Moving to wean its communist economic system from the U.S. currency, Cuba (search) said that dollars will no longer be accepted at island businesses and stores in a dramatic change in how commercial transactions have been done here in more than a decade.

The resolution announced Monday by Cuba's Central Bank seemed aimed at finding new sources for foreign reserves and regain more control over its own economy as the U.S. government steps up efforts to prevent dollars from reaching the island as part of a strategy to undermine Fidel Castro's (search) government.

Cuba's national currency, the peso, cannot be used with international partners.

"Beginning on November 8, the convertible peso will begin to circulate in substitution of the dollar throughout the national territory," Castro said in a written message read by his chief aide Carlos Valenciaga.

In his message, Castro asked Cubans to tell relatives living abroad to send them money in other foreign currencies, such as euros, British sterling or Swiss francs.

The move was likely to hurt mostly those Cubans who receive American dollars from relatives living in the United States.

Cubans and others on the island can still hold dollars in unlimited quantities and can change them into pesos before the new policy takes effect. But they will have to pay a 10 percent charge to exchange dollars afterward. There will be no such charge on changing other foreign currencies, such as Euros, into convertible pesos.

"In the short term, there may be a slip in the remittances," said John Kavulich, president of the U.S.-Cuba Trade and Economic Council (search), which tracks business between the two countries. Some estimates on annual remittances to Cuba are as high as $1 billion.

"But going into the holidays, people in Miami and New Jersey won't want the holidays for their families on the island to be even more miserable," he said, predicting remittances from those major Cuban American communities would pick up again, despite the difficulty of sending them and the 10 percent charge.

Kavulich said the timing of the announcement seemed aimed at drawing attention to Cuba shortly before the U.S. presidential election.

"The Cuban government is hoping that Kerry will win and that by announcing this a week before the election it will keep Cuba in the news and relevant," said Kavulich.

He said that because Havana is blaming this new economic measure on the American sanctions, the debate over the U.S. trade embargo will be in the public eye when the elections occur.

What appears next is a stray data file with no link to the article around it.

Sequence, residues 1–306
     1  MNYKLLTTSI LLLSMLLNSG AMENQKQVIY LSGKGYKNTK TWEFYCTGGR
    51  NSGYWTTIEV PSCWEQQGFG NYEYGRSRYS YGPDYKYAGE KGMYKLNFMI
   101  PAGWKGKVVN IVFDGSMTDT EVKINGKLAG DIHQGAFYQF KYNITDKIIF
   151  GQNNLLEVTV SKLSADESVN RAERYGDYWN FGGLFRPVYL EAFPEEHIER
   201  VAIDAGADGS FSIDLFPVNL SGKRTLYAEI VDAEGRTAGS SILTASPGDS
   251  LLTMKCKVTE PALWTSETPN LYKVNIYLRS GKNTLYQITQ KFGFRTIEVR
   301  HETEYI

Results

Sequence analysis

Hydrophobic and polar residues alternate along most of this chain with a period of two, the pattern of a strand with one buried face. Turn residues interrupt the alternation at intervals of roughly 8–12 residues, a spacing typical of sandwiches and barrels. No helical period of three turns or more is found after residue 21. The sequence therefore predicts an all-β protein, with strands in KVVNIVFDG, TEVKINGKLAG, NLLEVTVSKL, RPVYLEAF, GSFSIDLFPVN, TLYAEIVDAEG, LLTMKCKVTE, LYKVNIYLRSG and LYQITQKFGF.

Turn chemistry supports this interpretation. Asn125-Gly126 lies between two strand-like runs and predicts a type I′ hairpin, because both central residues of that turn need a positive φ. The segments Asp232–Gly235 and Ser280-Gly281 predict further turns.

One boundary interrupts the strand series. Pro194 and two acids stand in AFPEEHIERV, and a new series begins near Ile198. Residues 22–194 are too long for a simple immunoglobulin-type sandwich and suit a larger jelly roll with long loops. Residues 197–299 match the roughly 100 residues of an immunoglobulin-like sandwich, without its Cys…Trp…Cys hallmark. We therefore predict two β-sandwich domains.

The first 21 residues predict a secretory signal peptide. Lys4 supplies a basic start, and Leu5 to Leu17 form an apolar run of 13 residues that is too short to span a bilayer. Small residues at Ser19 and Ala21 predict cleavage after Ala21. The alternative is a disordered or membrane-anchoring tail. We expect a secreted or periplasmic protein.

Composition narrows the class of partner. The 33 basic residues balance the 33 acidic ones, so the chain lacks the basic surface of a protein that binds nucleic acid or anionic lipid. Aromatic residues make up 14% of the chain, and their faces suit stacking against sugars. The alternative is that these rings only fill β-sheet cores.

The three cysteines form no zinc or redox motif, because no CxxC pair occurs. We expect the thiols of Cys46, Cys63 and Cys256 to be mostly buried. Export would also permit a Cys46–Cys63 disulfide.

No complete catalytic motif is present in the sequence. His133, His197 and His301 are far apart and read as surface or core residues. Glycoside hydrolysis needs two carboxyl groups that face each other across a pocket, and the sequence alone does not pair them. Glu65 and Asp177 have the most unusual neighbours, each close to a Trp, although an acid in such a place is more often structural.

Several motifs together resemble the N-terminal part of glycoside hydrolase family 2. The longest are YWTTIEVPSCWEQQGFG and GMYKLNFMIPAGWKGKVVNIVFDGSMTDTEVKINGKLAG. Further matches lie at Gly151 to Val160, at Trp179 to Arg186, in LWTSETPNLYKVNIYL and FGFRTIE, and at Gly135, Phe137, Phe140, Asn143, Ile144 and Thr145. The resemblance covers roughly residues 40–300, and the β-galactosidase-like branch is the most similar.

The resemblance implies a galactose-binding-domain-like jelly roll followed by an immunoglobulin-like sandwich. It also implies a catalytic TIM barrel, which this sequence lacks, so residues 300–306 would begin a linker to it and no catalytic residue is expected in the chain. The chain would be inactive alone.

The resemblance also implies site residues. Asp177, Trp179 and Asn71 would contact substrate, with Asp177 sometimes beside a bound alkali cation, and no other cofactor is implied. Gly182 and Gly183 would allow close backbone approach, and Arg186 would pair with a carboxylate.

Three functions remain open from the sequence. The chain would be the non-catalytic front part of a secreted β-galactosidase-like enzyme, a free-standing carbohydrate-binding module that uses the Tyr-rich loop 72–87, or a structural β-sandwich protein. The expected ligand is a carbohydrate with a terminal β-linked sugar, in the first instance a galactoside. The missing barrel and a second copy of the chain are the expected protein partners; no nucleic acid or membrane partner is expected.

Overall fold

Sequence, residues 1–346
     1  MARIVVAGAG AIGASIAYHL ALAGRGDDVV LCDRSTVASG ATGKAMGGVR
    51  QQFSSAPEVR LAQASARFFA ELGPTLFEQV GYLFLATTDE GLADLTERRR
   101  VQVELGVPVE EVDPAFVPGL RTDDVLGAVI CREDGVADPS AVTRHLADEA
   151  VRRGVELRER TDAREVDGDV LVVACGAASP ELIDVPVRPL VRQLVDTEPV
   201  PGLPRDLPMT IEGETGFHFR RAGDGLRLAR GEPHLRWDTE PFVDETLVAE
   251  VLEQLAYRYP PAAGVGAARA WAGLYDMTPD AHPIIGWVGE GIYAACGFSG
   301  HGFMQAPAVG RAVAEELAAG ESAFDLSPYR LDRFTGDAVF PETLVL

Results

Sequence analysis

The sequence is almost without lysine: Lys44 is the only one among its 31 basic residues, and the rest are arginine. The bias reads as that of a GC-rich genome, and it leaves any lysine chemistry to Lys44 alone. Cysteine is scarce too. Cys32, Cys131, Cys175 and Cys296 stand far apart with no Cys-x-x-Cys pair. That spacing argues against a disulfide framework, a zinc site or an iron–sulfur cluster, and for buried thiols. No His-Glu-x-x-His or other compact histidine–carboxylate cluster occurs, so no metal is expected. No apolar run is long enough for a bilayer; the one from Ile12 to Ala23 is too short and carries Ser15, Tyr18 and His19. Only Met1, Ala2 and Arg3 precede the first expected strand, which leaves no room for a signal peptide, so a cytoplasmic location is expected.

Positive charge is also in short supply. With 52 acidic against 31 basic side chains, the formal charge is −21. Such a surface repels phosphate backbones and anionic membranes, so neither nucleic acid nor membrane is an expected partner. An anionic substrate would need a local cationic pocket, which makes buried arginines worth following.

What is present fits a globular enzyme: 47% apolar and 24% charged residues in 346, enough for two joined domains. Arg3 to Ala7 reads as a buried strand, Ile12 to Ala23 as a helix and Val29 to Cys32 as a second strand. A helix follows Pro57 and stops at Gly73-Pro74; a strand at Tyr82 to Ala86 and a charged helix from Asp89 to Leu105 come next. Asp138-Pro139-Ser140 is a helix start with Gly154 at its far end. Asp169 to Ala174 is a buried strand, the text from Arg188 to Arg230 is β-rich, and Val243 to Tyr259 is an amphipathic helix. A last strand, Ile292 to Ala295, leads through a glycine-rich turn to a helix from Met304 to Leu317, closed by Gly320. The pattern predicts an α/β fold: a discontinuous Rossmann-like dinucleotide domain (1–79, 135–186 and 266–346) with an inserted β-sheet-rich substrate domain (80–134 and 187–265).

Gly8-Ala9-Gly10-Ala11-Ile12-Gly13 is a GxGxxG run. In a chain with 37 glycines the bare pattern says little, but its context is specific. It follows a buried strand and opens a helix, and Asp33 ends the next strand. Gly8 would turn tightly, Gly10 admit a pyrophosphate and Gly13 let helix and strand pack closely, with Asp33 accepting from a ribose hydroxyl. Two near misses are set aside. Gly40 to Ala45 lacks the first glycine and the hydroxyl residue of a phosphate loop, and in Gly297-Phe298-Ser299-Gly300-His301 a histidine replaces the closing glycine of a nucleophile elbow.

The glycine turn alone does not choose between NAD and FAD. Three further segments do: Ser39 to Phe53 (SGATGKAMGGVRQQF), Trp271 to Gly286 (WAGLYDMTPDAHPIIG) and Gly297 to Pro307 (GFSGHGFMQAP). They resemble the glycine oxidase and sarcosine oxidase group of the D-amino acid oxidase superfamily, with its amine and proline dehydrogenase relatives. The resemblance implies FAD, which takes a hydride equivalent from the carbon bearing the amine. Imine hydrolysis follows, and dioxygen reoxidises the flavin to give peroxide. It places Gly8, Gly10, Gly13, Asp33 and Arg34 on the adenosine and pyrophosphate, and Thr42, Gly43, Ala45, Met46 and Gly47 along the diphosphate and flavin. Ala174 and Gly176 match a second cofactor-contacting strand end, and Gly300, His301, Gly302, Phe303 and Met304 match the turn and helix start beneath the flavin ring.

Cuba also has been seeking to draw attention to the U.N. vote scheduled for Thursday on condemning America's trade embargo against the communist nation.

"The trick will be to force Cuban citizens to accept the Cuban convertible peso and be just as comfortable putting them in their mattress as their dollars," Kavulich said.

The U.S. dollar has been a primary form of currency in Cuba since the early 1990s, when the island government was forced to implement liberal reforms to cope with the loss of Soviet aid and trade. The possession of dollars was legalized in 1993 to draw hard currency from tourism and from family purchases at state stores.

The government said the change is necessary to protect its economy as the administration of President Bush seeks to punish banks and businesses that ship American dollars to Cuba, which has been under a U.S. trade and financial embargo for more than 40 years.

Earlier Monday, the U.S. Treasury Department announced in Washington that it had identified an electronic money transfer business that it suspects is linked to Cuba and thus will not be allowed to do business in the United States.

It alleged that the company, Sercuba, allows people in the United States to send money to Cuban nationals via a third country or through Sercuba's Web site in violation of the U.S. embargo.

Castro looked animated, despite the bright blue sling he sported over his olive green uniform to support a broken right arm. Castro has made a point of remaining involved in government affairs since accidentally falling Wednesday at a speech, also shattering his left kneecap.

The measure was tied to the U.S. Federal Reserve's decision in May to fine Switzerland's largest bank, UBS AG, $100 million for allegedly sending dollars to Cuba, Libya, Iran and the former Yugoslavia in violation of U.S. sanctions against those countries. UBS agreed to pay the fine without admitting the allegations.

The U.S. embargo was imposed in 1963 in the wake of Fidel Castro's defeat of the CIA-backed assault at the Bay of Pigs two years earlier. Americans are barred from traveling to the Caribbean island nation except with a U.S. government waiver.